A reflex action is a rapid, automatic response to a stimulus. It does not involve any thinking. For example, we close our eyes immediately when the bright light is focused. Walking, on the other hand, is a voluntary action. It is under our conscious control.
A very small gap that occurs between the last portion of axon of one neuron and the dendron of the other neuron is known as a synapse. It acts as a one way valve to transmit impulses in one direction only. This uni-direction transfer of impulses occurs as the chemicals are produced in only one side of the neuron i.e., the axon's side. From axon, the impulses travel across the synapse to the dendron of the other neuron.
Cerebellum, a part of hindbrain is responsible for maintaining posture and equilibrium of the body.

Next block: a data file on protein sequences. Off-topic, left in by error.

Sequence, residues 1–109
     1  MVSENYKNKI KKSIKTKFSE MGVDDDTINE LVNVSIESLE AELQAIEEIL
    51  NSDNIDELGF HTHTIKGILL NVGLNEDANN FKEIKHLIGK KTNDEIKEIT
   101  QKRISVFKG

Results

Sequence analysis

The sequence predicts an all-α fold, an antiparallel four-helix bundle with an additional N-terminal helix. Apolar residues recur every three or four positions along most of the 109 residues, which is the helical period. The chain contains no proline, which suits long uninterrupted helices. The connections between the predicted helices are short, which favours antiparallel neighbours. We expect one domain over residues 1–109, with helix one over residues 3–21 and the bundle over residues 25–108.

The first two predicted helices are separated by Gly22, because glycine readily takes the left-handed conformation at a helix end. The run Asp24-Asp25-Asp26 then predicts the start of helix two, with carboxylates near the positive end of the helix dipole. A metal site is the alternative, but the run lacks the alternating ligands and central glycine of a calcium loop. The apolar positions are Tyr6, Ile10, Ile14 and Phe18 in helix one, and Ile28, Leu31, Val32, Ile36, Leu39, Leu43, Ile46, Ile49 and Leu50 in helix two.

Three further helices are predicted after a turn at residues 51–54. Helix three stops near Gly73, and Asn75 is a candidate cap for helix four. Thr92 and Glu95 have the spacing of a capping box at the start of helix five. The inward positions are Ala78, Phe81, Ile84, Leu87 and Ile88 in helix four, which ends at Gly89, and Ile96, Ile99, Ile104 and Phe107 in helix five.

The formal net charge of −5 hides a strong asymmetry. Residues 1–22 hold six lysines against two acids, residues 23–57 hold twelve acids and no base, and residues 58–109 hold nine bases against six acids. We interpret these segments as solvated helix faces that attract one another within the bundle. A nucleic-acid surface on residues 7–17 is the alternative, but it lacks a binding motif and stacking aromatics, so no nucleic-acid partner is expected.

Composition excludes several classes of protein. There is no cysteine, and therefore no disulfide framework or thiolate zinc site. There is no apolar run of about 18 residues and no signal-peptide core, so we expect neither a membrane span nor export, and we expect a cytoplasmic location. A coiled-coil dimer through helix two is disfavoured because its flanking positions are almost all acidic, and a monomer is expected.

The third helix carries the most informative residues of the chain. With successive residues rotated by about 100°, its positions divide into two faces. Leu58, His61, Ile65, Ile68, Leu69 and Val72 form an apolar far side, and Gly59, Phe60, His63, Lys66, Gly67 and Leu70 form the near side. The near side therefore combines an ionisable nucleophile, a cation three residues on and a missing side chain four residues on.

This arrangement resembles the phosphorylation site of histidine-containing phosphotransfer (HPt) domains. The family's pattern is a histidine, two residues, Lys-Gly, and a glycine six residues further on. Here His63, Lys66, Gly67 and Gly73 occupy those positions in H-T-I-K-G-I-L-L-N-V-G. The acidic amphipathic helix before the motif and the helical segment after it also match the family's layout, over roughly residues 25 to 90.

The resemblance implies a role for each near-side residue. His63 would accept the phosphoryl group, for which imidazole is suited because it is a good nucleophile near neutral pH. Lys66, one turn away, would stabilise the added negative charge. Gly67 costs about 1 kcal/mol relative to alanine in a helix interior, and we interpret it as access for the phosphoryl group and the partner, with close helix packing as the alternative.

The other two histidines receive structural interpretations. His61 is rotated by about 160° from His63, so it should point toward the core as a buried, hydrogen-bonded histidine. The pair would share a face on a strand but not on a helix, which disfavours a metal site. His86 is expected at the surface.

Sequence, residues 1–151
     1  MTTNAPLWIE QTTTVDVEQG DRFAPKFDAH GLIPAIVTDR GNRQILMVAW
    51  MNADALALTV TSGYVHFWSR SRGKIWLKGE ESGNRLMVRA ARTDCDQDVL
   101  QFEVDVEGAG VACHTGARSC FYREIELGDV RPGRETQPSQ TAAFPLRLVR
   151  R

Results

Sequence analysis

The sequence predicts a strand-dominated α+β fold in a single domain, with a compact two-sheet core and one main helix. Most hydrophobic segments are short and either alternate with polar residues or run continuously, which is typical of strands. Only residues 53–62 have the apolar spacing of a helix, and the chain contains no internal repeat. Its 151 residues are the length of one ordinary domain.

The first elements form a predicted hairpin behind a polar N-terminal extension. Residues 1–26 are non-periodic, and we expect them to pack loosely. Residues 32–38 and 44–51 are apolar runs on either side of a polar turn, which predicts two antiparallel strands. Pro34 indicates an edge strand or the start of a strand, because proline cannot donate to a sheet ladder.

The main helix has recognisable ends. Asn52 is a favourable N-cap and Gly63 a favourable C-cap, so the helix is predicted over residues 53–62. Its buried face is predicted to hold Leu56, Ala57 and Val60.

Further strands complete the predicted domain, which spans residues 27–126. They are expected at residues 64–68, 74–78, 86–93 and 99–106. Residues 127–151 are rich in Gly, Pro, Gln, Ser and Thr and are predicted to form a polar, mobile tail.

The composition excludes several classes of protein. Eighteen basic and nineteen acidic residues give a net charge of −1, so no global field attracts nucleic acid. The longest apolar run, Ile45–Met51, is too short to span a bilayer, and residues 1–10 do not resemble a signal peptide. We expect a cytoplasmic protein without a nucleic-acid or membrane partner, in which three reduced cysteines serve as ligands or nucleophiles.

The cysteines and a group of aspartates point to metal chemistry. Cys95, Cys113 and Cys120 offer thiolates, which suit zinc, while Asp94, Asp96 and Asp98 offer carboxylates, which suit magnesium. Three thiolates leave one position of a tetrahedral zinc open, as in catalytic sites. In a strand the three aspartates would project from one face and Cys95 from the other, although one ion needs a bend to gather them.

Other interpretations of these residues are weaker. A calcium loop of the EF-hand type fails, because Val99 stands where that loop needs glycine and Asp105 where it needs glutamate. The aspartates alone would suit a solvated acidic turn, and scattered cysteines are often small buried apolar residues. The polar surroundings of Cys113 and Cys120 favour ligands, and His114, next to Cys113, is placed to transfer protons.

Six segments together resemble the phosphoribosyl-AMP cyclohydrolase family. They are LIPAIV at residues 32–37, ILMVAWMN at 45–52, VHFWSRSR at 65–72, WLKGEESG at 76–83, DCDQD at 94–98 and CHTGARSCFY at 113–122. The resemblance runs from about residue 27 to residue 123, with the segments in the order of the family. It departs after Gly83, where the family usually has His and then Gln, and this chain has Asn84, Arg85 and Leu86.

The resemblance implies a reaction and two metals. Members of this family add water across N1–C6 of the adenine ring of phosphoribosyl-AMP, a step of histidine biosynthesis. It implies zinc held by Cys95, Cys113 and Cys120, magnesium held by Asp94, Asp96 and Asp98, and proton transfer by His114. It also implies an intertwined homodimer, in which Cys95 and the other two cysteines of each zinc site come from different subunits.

The thinking part of our brain is the forebrain. It has separate areas that are specialized for hearing, smelling, sight, taste, touch, etc. The forebrain also has regions that collect information or impulses from the various receptors. When the smell of an incense stick reaches us, our forebrain detects it. Then, the forebrain interprets it by putting it together with the information received from other receptors and also with the information already stored in the brain.
Reflex arcs are formed in the spinal cord and the information (input) reaches the brain. The brain is only aware of the signal and the response that has taken place. However, the brain has no role to play in the creation of the response.